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Publication numberUS3481509 A
Publication typeGrant
Publication dateDec 2, 1969
Filing dateOct 18, 1967
Priority dateOct 18, 1967
Publication numberUS 3481509 A, US 3481509A, US-A-3481509, US3481509 A, US3481509A
InventorsMarhauer Hans H
Original AssigneeProcter & Gamble
Export CitationBiBTeX, EndNote, RefMan
External Links: USPTO, USPTO Assignment, Espacenet
Mass flow controller
US 3481509 A
Abstract  available in
Previous page
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Claims  available in
Description  (OCR text may contain errors)

1969 H. H.. MARHAUER MASS FLOW CONTROLLER 2 She ets-Sheet 1 Filed Oct. 18, 1967 R E w mu TR mm v 2 mu 0 S N .1 A F H Y B B r l. w n m 5 2 E United States Patent O 3,481,509 MASS FLOW CONTROLLER Hans H. Marhauer, La Crescenta, Califl, assignor to The Procter & Gamble Company, Cincinnati, Ohio, a corporation of Ohio Filed Oct. 18, 1967, Ser. No. 676,332 Int. Cl. G01f 11/00; B67d 5/08 U.S. Cl. 2221 6 Claims ABSTRACT OF THE DISCLOSURE An automatic system for monitoring and controlling the rate of mass flow from a reservoir by a continuous measurement of the weight of the reservoir and its contents and the differentiation of that weight signal with respect to time to provide an instantaneous flow signal which is compared with a predetermined set point value and on the basis of which changes in the mass flow from the reservoir are accomplished. The system incorporates an electronic differentiating circuit and includes control and logic circuits to provide refilling of the reservoir when the level has reached a predetermined value.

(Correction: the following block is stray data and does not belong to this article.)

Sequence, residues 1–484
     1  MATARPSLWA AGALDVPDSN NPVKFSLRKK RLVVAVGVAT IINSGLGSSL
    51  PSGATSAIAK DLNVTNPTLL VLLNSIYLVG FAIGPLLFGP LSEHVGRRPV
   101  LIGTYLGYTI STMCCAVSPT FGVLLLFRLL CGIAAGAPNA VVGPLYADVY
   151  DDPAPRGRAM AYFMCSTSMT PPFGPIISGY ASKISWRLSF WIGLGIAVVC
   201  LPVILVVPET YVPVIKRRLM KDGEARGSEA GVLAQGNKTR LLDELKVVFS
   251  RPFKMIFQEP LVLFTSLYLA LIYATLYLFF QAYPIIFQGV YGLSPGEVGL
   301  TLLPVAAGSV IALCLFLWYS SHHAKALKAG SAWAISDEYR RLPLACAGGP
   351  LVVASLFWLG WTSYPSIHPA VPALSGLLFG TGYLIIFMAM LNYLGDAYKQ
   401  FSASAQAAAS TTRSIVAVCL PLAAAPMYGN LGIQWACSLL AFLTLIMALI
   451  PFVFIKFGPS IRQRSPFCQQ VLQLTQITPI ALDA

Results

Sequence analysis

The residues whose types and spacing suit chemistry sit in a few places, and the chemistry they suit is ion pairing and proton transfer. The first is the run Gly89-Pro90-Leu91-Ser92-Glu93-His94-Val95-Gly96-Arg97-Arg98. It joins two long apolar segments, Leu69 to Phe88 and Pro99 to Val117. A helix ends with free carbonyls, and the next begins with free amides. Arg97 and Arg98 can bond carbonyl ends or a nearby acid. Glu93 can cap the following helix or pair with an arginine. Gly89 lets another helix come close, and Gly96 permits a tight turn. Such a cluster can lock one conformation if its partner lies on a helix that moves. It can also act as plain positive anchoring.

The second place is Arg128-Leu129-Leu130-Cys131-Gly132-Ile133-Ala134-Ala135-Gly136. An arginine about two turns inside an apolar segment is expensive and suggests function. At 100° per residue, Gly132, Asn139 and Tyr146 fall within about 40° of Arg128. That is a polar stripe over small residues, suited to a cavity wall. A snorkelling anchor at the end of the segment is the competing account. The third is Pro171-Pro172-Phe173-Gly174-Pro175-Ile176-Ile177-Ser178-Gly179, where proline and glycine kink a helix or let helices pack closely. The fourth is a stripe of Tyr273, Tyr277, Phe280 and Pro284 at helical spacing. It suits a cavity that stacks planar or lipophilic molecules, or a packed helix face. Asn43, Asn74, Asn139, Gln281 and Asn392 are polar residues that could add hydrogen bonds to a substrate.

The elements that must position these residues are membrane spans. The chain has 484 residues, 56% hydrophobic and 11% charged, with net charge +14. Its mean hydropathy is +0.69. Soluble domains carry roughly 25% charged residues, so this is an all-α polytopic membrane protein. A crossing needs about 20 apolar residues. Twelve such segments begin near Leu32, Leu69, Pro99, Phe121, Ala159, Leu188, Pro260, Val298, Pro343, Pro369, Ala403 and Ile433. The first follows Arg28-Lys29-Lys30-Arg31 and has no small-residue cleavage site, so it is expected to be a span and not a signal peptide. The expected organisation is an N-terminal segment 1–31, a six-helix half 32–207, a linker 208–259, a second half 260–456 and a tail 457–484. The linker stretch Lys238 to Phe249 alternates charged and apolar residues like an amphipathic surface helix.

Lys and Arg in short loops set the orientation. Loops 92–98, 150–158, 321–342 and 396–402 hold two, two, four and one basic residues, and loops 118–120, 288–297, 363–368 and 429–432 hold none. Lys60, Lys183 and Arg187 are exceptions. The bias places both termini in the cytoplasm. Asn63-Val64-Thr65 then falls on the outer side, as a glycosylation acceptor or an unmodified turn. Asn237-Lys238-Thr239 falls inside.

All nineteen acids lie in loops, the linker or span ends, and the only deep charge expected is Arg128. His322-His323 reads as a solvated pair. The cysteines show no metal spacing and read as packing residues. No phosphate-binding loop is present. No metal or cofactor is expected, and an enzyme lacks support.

BACKGROUND OF THE INVENTION The accurate control of flow rate on a weight basis is an important requirement in many chemical processes and operations. The usual method of measuring weight flow rate involves the measurement of the volume rate of flow of the material by the use of existing flow measuring devices such as nutating disc meters, rotameters, venturi meters, orifices, weirs, and the like. If the density of the material remains constant, then the volumetric flow rate is directly proportional to the mass flow rate and a conversion of one to the other can readily be made if the density is known. If, on the other hand, the density of the material is variable, either by reason of temperature changes or changes in the character of the material, the volumetric flow rate is no longer readily converted into mass flow rate, at least not during the time the character of the material is changing. For example, if a liquid material which has air entrained therein is to be measured on a weight flow basis, it is necessary that the weight be sensed directly in order to insure that the loss of some of the entrained air does not afiect the process to which the material is being supplied. A volumetric measurement of the flow would not provide the desired mass flow rate. In such instances it is necessary that mass flow rate be measured and controlled directly, rather than indirectly by means of sensing volumetric flow rate.